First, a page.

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Research Article: Tess of the D'Urbervilles

This encyclopedia article consists of approximately 14 pages of information about Tess of the D'Urbervilles.
This section contains 4,061 words
(approx. 14 pages at 300 words per page)
Purchase our Tess of the D'Urbervilles Encyclopedia Article

Tess of the D'Urbervilles

by Thomas Hardy

Written toward the end of the Victorian era, Tess of the D'Urbervilles reflects the confusion of Thomas Hardy's changing society. The novel explores not only the hypocrisy of England's moral standards, but also the nature of that country's changing agricultural economy. As an inhabitant of a rural village himself, Hardy relates from firsthand experience a tale of the declining landed gentry and rural communities undergoing turbulent events.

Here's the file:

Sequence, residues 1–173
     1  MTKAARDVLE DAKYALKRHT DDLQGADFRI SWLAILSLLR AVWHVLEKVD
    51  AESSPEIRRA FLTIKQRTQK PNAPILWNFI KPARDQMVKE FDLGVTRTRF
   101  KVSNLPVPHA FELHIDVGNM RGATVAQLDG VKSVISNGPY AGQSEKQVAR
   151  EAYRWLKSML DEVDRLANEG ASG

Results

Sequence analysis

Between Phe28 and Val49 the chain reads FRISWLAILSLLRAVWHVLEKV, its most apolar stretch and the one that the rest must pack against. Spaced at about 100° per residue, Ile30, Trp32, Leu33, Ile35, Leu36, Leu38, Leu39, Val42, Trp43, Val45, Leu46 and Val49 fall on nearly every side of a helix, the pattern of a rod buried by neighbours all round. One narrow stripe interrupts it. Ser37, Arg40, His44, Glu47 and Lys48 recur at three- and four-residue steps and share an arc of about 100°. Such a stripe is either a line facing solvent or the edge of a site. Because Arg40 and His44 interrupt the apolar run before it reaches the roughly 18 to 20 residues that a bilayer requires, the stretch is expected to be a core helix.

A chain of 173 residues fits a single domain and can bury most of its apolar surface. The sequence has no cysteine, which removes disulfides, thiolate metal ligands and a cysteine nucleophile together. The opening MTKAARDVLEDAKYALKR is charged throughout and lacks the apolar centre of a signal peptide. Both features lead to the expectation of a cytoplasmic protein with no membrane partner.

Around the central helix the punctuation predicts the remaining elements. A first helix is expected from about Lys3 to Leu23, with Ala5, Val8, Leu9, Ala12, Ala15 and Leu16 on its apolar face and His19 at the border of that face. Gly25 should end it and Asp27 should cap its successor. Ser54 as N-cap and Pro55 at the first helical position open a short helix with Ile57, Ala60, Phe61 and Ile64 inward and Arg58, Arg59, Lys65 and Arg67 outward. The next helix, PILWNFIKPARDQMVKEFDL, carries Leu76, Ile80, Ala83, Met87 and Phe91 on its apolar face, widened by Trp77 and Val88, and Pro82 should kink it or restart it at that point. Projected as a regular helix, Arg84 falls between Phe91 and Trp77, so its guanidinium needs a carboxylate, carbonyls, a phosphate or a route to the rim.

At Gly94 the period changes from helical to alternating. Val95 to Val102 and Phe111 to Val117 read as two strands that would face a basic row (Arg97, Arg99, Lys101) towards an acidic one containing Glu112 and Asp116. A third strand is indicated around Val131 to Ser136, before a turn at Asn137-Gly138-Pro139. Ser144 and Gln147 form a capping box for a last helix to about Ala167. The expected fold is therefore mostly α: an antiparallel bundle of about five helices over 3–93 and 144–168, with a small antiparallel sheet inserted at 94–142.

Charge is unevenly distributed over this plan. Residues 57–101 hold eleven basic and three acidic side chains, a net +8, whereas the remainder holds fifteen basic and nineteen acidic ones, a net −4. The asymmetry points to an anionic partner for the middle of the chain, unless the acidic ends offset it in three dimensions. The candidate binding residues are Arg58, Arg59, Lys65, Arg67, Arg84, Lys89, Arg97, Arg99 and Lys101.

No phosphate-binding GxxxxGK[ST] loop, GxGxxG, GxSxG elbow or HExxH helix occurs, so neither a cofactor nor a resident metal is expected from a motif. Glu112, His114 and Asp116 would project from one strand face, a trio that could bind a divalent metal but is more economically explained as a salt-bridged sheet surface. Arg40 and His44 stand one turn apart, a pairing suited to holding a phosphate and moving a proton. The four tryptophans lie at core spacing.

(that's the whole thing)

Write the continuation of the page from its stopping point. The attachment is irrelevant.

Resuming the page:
Events in History at the Time of the Novel

The changing face of country life. The latter half of the Victorian era-the years between 1860 and 1900-constituted a period of transformation for rural England. More and more country villages lost their inhabitants to job opportunities in industrialized cities such as London and Manchester. Encouraging this "drift from the land," as the migration was frequently termed, was an agricultural depression in the last quarter...

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This section contains 4,061 words
(approx. 14 pages at 300 words per page)
Purchase our Tess of the D'Urbervilles Encyclopedia Article
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